The Church is quite new having only been consecrated in 2003. It is dedicated to St. Francis of Assisi whose feast day is 4th October, the previous Monday. Our Czech was sufficient to be able to read the notice on the door saying that on the following day, Sunday 10th October at 11am, there would be a mass to celebrate their patronal festival. This was the obvious reason for all the cleaning and flower arranging that was going on.
The gentleman had a little German and was very pleased to show us the interior of the Church. It was decorated in typical Roman Catholic fashion with various pictures and statues of saints. As well as a statue of St. Francis, there was also one of St. James or ‘Santiago’ as the gentleman said as he pointed it out. We both then told him that we had made the pilgrimage to Santiago de Compostela and he proudly told us that he had done so too, beginning his journey at Leon.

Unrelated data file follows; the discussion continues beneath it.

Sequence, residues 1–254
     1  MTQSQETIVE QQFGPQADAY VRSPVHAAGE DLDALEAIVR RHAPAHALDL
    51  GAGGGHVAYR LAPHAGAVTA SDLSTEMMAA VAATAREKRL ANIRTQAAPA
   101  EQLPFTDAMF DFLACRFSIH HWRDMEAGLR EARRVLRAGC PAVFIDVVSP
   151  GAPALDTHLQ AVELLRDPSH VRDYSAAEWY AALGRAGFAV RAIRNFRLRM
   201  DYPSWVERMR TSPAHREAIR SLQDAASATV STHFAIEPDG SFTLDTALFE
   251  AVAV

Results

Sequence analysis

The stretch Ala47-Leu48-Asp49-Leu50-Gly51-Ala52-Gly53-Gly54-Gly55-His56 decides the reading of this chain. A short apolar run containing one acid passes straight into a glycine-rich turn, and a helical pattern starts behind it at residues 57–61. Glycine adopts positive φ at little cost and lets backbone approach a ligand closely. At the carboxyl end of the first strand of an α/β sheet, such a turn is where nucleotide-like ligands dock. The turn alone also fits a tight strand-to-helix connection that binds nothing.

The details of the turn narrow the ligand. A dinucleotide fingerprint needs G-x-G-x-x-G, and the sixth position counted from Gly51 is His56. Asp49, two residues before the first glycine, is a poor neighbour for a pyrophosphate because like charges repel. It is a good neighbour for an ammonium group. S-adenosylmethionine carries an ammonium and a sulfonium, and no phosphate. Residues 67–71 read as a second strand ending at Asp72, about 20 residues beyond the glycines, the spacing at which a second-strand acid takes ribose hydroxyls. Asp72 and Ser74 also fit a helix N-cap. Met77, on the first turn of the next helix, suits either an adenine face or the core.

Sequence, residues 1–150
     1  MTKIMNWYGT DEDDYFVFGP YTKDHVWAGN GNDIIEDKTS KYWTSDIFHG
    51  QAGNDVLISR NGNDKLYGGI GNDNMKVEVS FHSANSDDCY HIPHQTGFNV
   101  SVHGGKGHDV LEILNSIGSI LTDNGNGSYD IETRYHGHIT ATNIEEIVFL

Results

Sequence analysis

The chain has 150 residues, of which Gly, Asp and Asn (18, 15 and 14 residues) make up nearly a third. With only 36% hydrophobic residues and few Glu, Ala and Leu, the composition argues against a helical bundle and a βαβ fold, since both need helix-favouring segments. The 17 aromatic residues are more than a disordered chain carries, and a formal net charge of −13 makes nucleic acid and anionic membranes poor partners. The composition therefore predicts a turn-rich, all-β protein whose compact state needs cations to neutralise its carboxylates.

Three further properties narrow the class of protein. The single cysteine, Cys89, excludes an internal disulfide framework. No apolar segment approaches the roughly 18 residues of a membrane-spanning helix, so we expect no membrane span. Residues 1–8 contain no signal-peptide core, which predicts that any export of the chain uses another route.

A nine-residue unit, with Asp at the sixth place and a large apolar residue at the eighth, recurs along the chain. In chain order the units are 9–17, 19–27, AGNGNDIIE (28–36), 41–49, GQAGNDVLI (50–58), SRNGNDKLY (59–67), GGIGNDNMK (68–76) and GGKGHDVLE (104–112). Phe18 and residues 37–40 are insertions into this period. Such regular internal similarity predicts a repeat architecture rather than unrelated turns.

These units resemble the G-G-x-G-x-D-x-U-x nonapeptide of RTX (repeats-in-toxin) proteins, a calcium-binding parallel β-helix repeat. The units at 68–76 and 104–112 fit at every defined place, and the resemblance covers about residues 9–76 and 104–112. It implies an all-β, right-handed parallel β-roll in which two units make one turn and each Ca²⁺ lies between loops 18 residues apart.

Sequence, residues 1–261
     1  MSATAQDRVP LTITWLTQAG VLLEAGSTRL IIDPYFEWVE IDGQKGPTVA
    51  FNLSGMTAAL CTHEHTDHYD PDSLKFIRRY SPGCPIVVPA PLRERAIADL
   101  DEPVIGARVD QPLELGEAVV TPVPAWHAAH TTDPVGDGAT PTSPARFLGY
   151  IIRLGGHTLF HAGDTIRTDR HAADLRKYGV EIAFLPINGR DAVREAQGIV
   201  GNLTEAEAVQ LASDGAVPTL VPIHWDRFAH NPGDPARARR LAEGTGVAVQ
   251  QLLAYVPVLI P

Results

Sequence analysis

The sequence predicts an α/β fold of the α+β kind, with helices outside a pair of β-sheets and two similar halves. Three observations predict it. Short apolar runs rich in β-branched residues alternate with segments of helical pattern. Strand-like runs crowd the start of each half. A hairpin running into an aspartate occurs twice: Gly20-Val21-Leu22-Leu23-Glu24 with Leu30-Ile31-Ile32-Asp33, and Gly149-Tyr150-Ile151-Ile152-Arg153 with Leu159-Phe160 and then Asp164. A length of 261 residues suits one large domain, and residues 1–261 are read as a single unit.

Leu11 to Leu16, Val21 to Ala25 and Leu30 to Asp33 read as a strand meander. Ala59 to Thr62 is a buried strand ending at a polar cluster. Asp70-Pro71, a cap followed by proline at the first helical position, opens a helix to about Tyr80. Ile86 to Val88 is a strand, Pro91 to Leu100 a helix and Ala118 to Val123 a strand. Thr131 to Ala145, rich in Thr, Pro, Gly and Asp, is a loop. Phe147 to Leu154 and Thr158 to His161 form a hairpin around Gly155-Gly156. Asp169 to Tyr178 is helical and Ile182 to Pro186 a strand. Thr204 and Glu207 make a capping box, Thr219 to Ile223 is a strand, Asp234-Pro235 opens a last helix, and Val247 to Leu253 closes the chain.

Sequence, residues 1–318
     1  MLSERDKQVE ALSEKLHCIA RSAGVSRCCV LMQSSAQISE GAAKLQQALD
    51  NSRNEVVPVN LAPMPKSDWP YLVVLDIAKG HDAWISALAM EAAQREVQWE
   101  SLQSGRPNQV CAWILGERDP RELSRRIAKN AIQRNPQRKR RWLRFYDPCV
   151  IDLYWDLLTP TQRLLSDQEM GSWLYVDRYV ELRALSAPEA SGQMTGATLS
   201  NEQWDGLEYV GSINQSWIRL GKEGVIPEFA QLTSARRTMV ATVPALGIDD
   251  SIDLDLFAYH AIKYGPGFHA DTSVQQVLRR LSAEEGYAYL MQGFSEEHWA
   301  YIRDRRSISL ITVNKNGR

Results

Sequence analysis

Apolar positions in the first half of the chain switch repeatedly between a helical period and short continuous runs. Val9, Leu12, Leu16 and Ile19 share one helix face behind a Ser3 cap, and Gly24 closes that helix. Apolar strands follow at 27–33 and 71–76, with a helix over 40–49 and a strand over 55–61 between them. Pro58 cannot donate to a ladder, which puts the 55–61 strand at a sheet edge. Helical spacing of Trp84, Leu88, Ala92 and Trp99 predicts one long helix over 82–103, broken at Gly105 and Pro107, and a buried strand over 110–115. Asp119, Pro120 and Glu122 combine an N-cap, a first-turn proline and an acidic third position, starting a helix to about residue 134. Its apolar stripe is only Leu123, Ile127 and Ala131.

On Sunday morning, we once more walked through the woods from Babylon to Pasecnice, in order to attend the mass and see how the village celebrated its patronal festival. We were not disappointed! The Church was already nearly full when we arrived about twenty minutes before the service was to begin. We stood at the back of the Church which continued to fill up so that by 11am, there were also many people standing outside on the Church forecourt. Fortunately, the day was fine and sunny so the Church doors could be left open.